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The Historical Origins of 'Open Science’: An Essay on Patronage, Reputation and Common Agency Contracting in the Scientific Revolution

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  • Paul David

    ()
    (Knowledge Networks and Institutions for Innovation Program, Stanford University)

Abstract

This essay examines the economics of patronage and its influence upon key elements in the ethos and organizational structure of publicly funded open science. The emergence during the late sixteenth and early seventeenth centuries of the idea and practice of “open science" was a distinctive organizational aspect of the Scientific Revolution. It represented a new set of norms, incentives, and organizational structures that reinforced scientific researchers' commitments to rapid disclosure of new knowledge. The rise of “cooperative rivalries” in the revelation of new knowledge, is seen as a functional response to heightened asymmetric information problems posed for the Renaissance system of court-patronage of the arts and sciences. In late Renaissance Europe, the feudal legacy of fragmented political authority had resulted in relations between noble patrons and their savant-clients that resembled the situation modern economists describe as "common agency contracting in substitutes"—competition among incompletely informed principals for the dedicated services of multiple agents.

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Bibliographic Info

Paper provided by Stanford Institute for Economic Policy Research in its series Discussion Papers with number 06-038.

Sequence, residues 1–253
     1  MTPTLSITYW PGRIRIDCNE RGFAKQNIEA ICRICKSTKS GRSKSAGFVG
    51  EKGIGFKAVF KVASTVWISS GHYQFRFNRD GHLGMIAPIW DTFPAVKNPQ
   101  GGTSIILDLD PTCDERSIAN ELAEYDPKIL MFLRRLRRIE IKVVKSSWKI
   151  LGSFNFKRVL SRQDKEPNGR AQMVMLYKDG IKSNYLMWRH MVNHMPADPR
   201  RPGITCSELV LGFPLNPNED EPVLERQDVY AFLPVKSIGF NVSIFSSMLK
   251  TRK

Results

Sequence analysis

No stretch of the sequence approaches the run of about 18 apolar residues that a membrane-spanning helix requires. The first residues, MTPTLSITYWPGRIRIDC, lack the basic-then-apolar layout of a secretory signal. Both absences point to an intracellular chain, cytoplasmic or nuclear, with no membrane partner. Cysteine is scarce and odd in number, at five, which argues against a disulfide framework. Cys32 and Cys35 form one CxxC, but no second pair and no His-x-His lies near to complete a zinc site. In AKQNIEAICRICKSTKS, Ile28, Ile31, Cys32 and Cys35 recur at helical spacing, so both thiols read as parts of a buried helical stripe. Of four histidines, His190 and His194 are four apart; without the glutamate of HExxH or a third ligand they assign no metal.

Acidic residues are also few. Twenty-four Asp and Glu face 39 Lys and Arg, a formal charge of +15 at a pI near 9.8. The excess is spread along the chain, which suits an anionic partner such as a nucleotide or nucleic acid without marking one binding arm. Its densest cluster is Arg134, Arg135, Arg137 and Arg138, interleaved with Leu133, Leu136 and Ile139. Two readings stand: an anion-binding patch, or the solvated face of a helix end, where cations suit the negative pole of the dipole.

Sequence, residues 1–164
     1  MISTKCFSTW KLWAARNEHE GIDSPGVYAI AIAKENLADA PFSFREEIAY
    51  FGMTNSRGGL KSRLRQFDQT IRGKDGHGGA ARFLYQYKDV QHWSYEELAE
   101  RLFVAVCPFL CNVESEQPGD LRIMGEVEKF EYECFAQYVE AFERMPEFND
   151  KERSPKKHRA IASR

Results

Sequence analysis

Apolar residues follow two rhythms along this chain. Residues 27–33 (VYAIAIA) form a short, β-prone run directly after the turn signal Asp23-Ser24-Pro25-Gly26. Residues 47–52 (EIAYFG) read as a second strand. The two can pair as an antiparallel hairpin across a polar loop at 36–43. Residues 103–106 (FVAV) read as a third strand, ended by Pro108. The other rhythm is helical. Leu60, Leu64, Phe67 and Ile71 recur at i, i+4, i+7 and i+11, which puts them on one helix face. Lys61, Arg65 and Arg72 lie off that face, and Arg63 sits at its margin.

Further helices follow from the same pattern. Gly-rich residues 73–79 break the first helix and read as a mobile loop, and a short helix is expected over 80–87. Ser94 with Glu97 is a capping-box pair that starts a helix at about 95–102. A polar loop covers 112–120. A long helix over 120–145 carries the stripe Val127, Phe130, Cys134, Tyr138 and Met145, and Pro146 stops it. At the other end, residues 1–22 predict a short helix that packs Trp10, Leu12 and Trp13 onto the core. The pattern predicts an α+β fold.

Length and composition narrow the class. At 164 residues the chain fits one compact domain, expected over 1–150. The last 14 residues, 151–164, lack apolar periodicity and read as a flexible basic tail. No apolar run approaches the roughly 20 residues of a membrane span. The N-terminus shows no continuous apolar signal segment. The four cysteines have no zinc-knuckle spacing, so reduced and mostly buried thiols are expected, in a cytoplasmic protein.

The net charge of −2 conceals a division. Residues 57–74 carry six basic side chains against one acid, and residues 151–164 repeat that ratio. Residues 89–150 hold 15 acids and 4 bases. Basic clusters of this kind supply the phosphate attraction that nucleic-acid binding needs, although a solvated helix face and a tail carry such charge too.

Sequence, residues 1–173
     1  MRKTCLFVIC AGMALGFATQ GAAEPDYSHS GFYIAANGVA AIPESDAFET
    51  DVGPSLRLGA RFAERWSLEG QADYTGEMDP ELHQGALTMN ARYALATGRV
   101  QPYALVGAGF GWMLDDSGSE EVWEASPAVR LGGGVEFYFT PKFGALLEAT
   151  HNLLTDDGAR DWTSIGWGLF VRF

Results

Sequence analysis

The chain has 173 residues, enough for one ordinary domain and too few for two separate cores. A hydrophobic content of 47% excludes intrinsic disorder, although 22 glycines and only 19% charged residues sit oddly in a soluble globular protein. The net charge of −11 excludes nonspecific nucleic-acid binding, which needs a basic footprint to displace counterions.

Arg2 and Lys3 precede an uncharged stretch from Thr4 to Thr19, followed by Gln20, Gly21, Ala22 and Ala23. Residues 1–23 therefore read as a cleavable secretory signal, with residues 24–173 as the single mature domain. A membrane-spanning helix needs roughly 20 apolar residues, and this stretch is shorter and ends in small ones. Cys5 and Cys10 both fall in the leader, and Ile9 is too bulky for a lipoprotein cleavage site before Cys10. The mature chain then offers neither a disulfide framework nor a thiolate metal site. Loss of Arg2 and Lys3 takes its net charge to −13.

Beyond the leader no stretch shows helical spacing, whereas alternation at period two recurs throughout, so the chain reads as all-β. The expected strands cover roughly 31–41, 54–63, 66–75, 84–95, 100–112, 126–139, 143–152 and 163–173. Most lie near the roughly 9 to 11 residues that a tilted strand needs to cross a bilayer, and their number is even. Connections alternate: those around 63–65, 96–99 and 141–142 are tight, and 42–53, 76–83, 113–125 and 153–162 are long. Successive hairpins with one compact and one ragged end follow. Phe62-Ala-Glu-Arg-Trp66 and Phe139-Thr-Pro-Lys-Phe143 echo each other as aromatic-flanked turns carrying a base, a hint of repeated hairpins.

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Date of creation: Dec 2007
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Handle: RePEc:sip:dpaper:06-038

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Keywords: open science; patronage; common agency contracting; scientific revolution;

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  1. David, Paul A. & Olsen, Trond E., 1992. "Technology adoption, learning spillovers, and the optimal duration of patent-based monopolies," International Journal of Industrial Organization, Elsevier, vol. 10(4), pages 517-543, December.
  2. Harold M. Groves, Chairman, Universities-National Bureau Committee for Economic Research, 1962. "The Rate and Direction of Inventive Activity: Economic and Social Factors," NBER Books, National Bureau of Economic Research, Inc, number univ62-1, October.
  3. James Bessen & Eric Maskin, 2009. "Sequential innovation, patents, and imitation," RAND Journal of Economics, RAND Corporation, vol. 40(4), pages 611-635.
  4. Richard Nelson, 1962. "Introduction to "The Rate and Direction of Inventive Activity: Economic and Social Factors"," NBER Chapters, in: The Rate and Direction of Inventive Activity: Economic and Social Factors, pages 1-16 National Bureau of Economic Research, Inc.
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  1. Web 2.0, the possum, the public and the private
    by Nicholas Gruen in Club Troppo on 2010-08-20 04:23:41

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